Groveport considers flagpoles

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Groveport Village Council is sizing up the costs and locations for raising "Old Glory" in the village’s parks.  

At council’s July 21 committee of the whole meeting, Parks and Recreation Director Kyle Lund presented an inventory of the flagpoles in the village’s parks as well as cost estimates involved in adding poles to parks that do not have one.

Of Groveport’s seven parks, Blacklick Park, Groveport Park, Heritage Park, and Veterans Park have flagpoles while Cruiser Park, Degenhart Park, and Orchard Park do not.

Lund recommended the village purchase three, 25 foot flagpoles, at an approximate cost of $500 each, and have them installed in the parks without flagpoles for about $200 each for an estimated total cost of $2,100.

Additionally, Lund told council that, if it wishes to install a flagpole at State Route 317 and Main Street at the entry way to the village, he recommended a 35 foot flagpole at an approximate cost of $1,000 with installation estimated at $450.

Both sets of estimates do not include the cost to run electricity to the poles to light them at night.

"Wouldn’t it be less expensive if our public works department did the installation?" questioned Councilwoman Donna Drury. "We’ve got a good crew."

Public Works Superintendent Dennis Moore indicated his department could work with whoever was doing the installation.

Councilwoman Jean Ann Hilbert asked, because their nature, if Cruiser Park (the soccer park on Old Hamilton Road) and Orchard Park (a small residential neighborhood park) really needed flagpoles.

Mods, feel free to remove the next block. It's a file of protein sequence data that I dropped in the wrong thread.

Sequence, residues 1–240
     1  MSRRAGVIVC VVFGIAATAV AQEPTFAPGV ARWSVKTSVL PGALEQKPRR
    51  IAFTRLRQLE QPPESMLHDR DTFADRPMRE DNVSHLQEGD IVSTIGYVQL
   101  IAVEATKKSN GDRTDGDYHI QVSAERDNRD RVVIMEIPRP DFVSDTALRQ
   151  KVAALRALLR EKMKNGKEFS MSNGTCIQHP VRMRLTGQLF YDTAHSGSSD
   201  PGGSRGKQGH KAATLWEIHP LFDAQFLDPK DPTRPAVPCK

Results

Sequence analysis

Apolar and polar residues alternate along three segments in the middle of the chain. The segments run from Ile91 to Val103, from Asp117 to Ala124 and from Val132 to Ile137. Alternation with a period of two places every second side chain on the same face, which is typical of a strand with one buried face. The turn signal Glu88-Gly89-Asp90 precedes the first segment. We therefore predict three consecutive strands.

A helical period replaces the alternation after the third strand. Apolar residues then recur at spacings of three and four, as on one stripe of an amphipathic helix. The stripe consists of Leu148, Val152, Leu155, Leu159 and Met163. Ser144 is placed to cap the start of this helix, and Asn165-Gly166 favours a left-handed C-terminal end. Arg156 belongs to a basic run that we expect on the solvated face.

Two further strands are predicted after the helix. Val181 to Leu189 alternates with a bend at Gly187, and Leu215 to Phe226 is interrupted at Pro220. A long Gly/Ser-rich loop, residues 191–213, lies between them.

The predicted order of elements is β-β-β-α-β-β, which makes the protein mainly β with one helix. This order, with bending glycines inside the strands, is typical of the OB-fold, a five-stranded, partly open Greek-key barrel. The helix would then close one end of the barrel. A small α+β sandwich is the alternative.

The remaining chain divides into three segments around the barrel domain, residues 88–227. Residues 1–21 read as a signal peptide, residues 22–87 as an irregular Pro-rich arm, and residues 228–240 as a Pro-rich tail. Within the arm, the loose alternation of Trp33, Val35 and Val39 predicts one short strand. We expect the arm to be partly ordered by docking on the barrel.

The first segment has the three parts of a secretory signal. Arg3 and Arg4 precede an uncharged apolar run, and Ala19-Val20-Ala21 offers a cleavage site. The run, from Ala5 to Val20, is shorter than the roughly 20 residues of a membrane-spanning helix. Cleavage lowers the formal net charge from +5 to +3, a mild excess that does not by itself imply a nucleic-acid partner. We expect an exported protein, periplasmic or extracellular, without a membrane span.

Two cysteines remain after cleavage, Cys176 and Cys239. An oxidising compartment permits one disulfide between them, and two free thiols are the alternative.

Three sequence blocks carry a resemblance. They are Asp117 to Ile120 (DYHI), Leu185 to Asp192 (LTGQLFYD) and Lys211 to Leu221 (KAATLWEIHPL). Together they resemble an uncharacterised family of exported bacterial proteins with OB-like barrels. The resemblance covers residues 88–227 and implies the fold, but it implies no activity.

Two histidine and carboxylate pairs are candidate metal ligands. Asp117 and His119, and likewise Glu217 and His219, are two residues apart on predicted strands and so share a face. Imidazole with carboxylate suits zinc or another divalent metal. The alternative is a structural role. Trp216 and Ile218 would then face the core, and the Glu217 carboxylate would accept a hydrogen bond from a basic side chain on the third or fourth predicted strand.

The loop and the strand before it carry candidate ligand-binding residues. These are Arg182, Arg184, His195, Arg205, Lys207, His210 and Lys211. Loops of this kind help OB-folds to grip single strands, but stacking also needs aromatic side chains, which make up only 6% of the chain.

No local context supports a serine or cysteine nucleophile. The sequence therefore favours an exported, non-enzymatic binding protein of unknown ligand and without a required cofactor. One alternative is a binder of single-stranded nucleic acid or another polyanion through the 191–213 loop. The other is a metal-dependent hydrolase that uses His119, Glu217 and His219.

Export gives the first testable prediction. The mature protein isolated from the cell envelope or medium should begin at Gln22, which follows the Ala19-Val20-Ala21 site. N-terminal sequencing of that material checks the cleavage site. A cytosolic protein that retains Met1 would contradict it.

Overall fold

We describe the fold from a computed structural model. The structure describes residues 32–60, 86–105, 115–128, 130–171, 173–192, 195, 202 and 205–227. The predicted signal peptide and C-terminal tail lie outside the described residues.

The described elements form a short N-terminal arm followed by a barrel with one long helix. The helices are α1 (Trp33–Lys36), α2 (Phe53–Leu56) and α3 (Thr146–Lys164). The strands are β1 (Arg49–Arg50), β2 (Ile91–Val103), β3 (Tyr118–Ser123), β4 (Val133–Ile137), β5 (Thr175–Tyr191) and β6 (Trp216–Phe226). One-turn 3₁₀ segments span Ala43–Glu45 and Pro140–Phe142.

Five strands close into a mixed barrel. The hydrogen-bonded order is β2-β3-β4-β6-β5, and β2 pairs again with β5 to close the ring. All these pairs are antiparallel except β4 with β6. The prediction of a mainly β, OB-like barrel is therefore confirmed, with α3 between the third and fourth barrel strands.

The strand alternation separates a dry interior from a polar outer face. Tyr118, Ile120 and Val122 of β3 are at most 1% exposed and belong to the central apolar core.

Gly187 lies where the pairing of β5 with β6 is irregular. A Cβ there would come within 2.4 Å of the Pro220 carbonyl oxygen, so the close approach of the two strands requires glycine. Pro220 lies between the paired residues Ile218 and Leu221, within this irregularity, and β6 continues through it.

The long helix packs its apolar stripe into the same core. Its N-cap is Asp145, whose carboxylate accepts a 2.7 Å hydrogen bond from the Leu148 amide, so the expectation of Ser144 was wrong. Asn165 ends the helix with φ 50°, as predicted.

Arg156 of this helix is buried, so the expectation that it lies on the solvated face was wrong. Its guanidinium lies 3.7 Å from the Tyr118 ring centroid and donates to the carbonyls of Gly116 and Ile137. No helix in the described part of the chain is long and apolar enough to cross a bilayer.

"If we’re going to recognize what the flag stands for, then we should address it in all the parks," said Councilman Ed Rarey.

Rarey suggested a way to save on costs was to not electrically light the poles. But Hilbert noted that, according to flag etiquette, a flag must be lit if it flies at night.

"If it’s not lit, who’s going to  raise and lower the flags (at sunrise and sunset)?" asked Hilbert.

Council recommended the flagpole issue be referred to the street, trees, and decorations committee and also the parks and recreation advisory commission for review. Council will await reports from both committees.

Background

On Memorial Day, Groveport resident Mack Harris looked out his back door at the vacant flagpole in Blacklick Park and decided he had to do something about it.

He walked over to the park with an American flag he received from a veterans’ organization, which he normally flies on the front of his home, and raised it on the old flagpole in Blacklick Park.

Blacklick Park is Groveport’s oldest public park and it is believed the old flagpole was erected in the park as a 4-H project long ago. Originally the pole sat in the center of a green patch of grass that was encircled by a driveway. The driveway has long since crumbled and has been overgrown with grass. A flag had not regularly flown from the old pole for quite some time.

Harris said he’d like to see a flagpole with a flag flying in every one of Groveport’s parks. He suggested citizen volunteers could be enlisted to raise the flags in the parks.

"It’s something we the people of the village should do," said Harris on Memorial Day. "Maybe volunteers could commit to raising the flag in the parks on holidays and the first day of each month if not every day."

Harris said he hopes the idea of adding the flagpoles to the parks blossoms with village officials and spurs volunteers.

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